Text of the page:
Meeting the Mounted Unit on Mental Health Awareness Week
Main article content
Being a police officer can be quite an experience in itself, but being one on horseback can provide a different perspective all together.
For Police Constable Karen Danks, of GMP's Mounted Unit in Chorlton, combining her love of horse-riding with her love of policing is something that makes her job unique and so worthwhile.
Born in South Africa and moved to the UK at the age of 25, Karen joined GMP as a Police Community Support Officer (PCSO) on the Bury district in 2002 before serving Wigan as PC for a decade until her move to the Mounted Unit in 2015 - and despite her move from station to stables, it's a role where policing remains her primary role.
"A lot of people may think we just get on the horses and plod around like it's an easy job - it isn’t. Just because we're on horses doesn’t meant we do any less work - we're firstly a police officer and are secondly on a horse so when we're out and about and see someone committing a crime then we'll still arrest them.
"We can help with a lot of traffic prosecutions as we wear our body cameras and see a lot of people not wearing their seatbelts or using mobile phones and when they spot us they think we're a trainer or not a police officer until we speak to them.
"At larger events we're there to protect our colleagues and to protect innocent members of the public and there is a lot to take into consideration. There are so many dynamics we have to look at and it is very challenging."
Having had horses through the majority of her life, passing the 'roller coaster' 16-week training course and becoming a mounted officer nearly six years ago was something she was also destined to do in policing.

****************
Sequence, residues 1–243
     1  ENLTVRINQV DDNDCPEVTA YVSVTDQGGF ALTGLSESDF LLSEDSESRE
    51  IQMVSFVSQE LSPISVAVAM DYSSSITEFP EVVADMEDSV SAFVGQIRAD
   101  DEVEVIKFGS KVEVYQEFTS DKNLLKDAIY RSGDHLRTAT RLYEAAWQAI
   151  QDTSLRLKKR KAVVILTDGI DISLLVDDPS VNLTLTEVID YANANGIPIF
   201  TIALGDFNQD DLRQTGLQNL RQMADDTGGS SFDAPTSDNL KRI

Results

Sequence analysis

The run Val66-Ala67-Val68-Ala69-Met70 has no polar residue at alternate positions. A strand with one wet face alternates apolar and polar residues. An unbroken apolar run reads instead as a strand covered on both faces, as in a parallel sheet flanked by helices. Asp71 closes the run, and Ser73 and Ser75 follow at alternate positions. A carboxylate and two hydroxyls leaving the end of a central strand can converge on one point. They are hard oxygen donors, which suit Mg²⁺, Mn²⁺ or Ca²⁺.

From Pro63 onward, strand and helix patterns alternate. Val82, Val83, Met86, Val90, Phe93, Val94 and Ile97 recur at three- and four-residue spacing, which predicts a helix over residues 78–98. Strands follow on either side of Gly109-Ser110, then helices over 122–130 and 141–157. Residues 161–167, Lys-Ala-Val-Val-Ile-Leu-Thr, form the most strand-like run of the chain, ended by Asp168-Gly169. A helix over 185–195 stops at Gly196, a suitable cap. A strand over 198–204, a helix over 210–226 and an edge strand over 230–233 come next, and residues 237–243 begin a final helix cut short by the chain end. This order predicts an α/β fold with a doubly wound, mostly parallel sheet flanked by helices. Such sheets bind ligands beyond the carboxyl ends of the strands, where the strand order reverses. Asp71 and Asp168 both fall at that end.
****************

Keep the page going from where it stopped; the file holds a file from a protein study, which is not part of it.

"I've always said the Mounted Unit is where I want to be in my career 'when I grow up'! Even my area bobby as a PCSO sees me now and says 'this was you used to tell me you were going to be!'
"I thought I was fit when I was joined but on the course alone I lost two-and-a-half stone and I've had deployments recently where I'm on my horse for nearly four-and-a-half hours, which is a long time for the officer and the horse. You have to be very physically fit in this role."
Speaking on Mental Health Awareness Week, Karen talks candidly about working with the horses on a daily basis and the benefits of her duty for her wellbeing, describing it as a 'relief' during the pandemic where she has been balancing work while helping to look after her mother.
"I truly believe that coming into work to be with the horses and to do my job is my release, particularly during the pandemic. The last year has been a worry but we have such a great team that are able to help each other at work which has helped."
Looking after the horses on a daily basis, as well as their joint-deployments for major public order events at their Hough End base, PC Danks and the mounted team build a strong bond with their four-legged colleagues until they retire, or sadly, pass away - an event even the 'roller coaster' could never prepare anyone for.
Police Horse Molly was one partner that Karen particularly struck a strong relationship with before she sadly died after four years of working together, something she still emotionally looks back on.
"I'd felt like I'd lost my partner, it's quite devastating, I still feel that today. I'd been with Molly for four years and we knew each other inside and out - she trusted me and I trusted her, we had that bond and that's important as every day there could be situations where I could die or my horse could die.
"It's devastating as, yes it is my job, but it's also my partner and I would think the same thing if I was in a car with an officer that I'd worked with for years and it hits me the same as we're all a family.
"Because we're all such a good team we are able to speak quite openly to one another and in this role we are all likely to go through the same experiences, good and sad, and it's so important to have colleagues that understand listen to you. That really helped."
More information about mental wellbeing can be found on the Mental Health Foundation website at www.mentalhealth.org.uk.